Wednesday, May 26, 2010

Are Better Jewish Educators the Answer?

Here’s an interesting article from JTA (May 24) – the three movements’ schools will receive huge grants to improve and increase their programs for Jewish educators. That’s all very fine and welcome, but who goes into a job that has no openings and low pay? The second wave of this effort should be to provide funding for the institutions that would potentially hire these educators. A good head of school – synagogue or day school variety – is terrific, but the person that really matters to the child is the teacher standing in that classroom. So long as that person is not well educated, not fulltime, not sufficiently paid, we will continue to give our kids a less than adequate education.

But what about the children whose parents don’t think to put them into a Jewish educational environment?
Yesterday I had a conversation with the mother of a young woman who has married a non-Jew. Mom would like to get her grandson a Hebrew name. The child is not circumcised and the parents are ambivalent about raising him as a Jew. Clearly the grandmother is struggling to sustain Judaism in her family. But her own messaging was so ambivalent. She wanted to assure me that she didn’t expect her daughter to be Orthodox, no she had belonged to a Reform congregation for 20 years. She just wanted a few things for the baby.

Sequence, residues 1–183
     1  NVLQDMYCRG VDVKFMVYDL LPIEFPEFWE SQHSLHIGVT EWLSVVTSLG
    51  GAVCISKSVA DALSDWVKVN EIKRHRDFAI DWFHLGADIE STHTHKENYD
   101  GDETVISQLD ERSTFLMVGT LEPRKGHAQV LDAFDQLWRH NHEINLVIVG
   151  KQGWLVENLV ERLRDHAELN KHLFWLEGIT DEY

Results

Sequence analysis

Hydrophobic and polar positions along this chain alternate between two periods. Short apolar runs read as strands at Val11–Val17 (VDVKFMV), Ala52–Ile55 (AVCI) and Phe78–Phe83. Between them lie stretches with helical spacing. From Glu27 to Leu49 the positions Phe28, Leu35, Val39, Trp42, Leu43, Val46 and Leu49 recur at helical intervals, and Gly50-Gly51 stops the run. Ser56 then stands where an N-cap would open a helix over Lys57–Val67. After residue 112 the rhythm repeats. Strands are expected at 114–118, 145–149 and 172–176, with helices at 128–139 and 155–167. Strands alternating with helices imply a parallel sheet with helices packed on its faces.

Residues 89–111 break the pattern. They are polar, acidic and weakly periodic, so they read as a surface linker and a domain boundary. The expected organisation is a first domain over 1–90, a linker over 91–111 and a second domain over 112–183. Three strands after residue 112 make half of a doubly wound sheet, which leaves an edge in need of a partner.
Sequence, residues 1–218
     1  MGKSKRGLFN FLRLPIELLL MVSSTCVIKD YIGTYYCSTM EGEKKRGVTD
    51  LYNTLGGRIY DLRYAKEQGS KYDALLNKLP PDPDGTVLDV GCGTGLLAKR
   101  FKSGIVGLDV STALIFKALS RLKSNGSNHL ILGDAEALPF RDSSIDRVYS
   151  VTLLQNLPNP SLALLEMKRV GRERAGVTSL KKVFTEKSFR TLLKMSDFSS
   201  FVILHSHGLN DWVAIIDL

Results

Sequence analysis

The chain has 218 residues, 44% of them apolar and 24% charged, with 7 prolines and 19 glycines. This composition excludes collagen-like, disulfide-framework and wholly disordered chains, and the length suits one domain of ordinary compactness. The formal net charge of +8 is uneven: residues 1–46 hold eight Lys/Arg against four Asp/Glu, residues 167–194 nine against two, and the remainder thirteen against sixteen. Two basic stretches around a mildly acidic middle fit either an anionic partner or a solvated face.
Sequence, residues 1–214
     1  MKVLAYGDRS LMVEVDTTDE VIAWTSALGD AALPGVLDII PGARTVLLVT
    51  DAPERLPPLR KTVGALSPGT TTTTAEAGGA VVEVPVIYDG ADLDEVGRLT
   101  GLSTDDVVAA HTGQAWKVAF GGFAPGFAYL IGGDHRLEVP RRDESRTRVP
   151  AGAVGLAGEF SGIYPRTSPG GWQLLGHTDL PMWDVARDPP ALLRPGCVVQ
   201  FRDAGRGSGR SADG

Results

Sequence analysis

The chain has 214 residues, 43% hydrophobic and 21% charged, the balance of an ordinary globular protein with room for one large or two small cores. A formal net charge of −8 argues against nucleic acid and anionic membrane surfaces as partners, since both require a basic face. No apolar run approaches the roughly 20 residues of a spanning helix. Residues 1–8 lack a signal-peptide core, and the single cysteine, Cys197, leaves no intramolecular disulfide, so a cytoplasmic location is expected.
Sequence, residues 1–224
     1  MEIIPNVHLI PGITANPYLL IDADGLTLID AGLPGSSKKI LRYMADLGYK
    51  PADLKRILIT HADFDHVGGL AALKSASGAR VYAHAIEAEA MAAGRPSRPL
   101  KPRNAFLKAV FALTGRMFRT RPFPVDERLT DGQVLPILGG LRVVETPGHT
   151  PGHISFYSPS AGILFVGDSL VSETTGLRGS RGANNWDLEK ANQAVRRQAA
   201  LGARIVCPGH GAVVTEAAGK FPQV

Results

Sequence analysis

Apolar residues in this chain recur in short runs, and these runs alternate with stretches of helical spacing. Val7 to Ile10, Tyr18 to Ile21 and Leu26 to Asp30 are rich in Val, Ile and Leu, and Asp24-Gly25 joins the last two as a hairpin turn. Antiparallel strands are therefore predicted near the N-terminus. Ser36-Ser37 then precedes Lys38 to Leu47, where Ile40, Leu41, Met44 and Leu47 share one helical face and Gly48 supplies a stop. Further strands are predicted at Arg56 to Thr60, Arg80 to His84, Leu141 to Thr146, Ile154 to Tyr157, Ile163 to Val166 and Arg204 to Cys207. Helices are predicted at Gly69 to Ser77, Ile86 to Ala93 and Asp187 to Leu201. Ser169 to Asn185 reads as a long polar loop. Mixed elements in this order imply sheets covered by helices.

I asked her, “Do you think that a person can have too much knowledge?”
“Oh, no,” she replied.
“So why are you hastening to assure your daughter that you expect little for her child? Wouldn’t he be better served by knowing MORE? Especially since his parents plan to let him decide on his religion. He is being raised with two languages, yet they don’t feel he has too much knowledge of language.”

Where will children like this one be educated? Who will be able to:

* Help the grandparents who are immigrants to this country? They are distressed by their daughter’s seeming loss of identity and are putting pressure on her at the same time they are showing a lack of security about their identity. Is it surprising that she is also ambivalent?
* Help the two generations to come to terms with their differences.
* Have a depth of understanding about the social issues the baby and his parents will encounter if they approach Jewish community.
* Support the parents and the child as they come to terms with his lack of education, lack of a circumcision.
* Get his parents to enroll him in a program.
* Work gently and appropriately in educating this child.

Notice how getting a Jewish education comes at the end of a long term effort? When will our community understand that to grow a fruit bearing tree you must do more than provide a gardener to prune it.